It is too hard to create illusion while the sun is up. The sleight of hand that occurs when creating the illusion of a reality on the stage requires dark and shadows and mystery. The wrong kind of light will expose all the little tricks and illusion for what they are....make believe. In daylight a costume that sparkles and gleams under the lights of performance, will be revealed to be a bit shabby, kind of tacky, and no longer beautiful. You might see the tears and patches of a well-used costume, the repairs made with thread that doesn't quite match, the safety pin that replaces a missing button. Things that are invisible under stage light, become glaringly obvious in the bright light of day. The walls of a seemingly impenetrable fortress will be revealed to be nothing more than cleverly painted flats or even Styrofoam or cardboard. Anytime you try to create a set, a character, a costume, or a situation that seems real but really isn't, you are asking for a huge suspension of disbelief from everyone in the audience. The audience sits in the darkened theater with stage light directed only where it helps the illusion. The stage pops into reality, but the rest of the space visible to the audience remains completely dark and quietly disappears.
There are, of course, performances that are matinees, but those performances are always in a theater just as dark as it would be at an 8:00 show. The theater staff must completely block out any source of natural light that might spill into the theater and detract from the illusion on the stage. For the performers, leaving the theater after a show and emerging into bright daylight can be disconcerting at best. We do it to maximize audiences and revenue, but most actors don't like it. It just feels wrong. The energy level is off. The reactions of the audience are usually diminished and the whole experience just doesn't feel quite right.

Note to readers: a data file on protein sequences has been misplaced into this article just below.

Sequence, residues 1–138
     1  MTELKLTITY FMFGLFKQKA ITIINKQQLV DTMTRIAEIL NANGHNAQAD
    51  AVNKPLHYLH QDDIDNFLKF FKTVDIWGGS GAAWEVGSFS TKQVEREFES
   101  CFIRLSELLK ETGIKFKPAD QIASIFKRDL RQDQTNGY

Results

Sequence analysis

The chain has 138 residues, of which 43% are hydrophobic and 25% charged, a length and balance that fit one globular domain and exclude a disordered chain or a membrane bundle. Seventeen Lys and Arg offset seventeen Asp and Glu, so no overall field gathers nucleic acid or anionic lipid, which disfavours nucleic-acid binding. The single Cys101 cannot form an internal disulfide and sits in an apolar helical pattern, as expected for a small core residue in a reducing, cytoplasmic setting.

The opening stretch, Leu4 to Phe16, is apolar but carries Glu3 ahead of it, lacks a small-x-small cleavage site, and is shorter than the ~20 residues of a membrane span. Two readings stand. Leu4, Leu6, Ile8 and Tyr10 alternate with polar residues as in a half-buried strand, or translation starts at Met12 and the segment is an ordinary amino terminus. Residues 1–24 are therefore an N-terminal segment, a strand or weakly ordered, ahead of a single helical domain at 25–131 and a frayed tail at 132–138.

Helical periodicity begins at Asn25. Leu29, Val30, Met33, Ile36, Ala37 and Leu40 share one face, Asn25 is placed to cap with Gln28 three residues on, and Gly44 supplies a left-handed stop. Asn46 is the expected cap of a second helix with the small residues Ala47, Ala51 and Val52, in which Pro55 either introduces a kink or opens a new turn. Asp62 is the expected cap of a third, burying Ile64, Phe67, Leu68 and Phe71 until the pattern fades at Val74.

Most of the time rehearsals are done at night as well; at least in the area of volunteer, community theater entities. Mostly this is because the cast and crew all have "real jobs" and a "real life" which take place in the daytime. There are times when the luxury of a nighttime rehearsal is just not possible and we suck it up and make do with an afternoon rehearsal. But a certain number of night time rehearsals are really essential to take advantage of all the benefits of the night that allows the creation of that illusion.
What theater does not do well is mornings! It is just wrong in every possible way. Most theater people seem to be night owls, so mornings are their least favorite times of day. Not only do you not have good energy, your creativity, coordination, attention span, voice, agility, timing, and memory is just not there either!
And the absolute WORST thing is having a rehearsal scheduled early in the day for an energetic musical with lots of dance!
Like the one I had today....that required an 8:00 AM rise (after only 5 hours sleep), a 20 minute drive to the rehearsal space, for a start time of 9:00 AM and lasting until 12:00 Noon!!!
Really, that just sucks! I'm lucky I didn't fall off the stage and break my neck!
9:00 AM, indeed! Honestly, the things I do for love of theater! lol!